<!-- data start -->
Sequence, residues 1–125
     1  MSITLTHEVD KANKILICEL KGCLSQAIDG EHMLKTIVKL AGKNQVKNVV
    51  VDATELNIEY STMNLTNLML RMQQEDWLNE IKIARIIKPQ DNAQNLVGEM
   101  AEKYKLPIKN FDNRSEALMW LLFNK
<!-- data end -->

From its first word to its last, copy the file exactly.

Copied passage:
Sequence, residues 1–125
     1  MSITLTHEVD KANKILICEL KGCLSQAIDG EHMLKTIVKL AGKNQVKNVV
    51  VDATELNIEY STMNLTNLML RMQQEDWLNE IKIARIIKPQ DNAQNLVGEM
   101  AEKYKLPIKN FDNRSEALMW LLFNK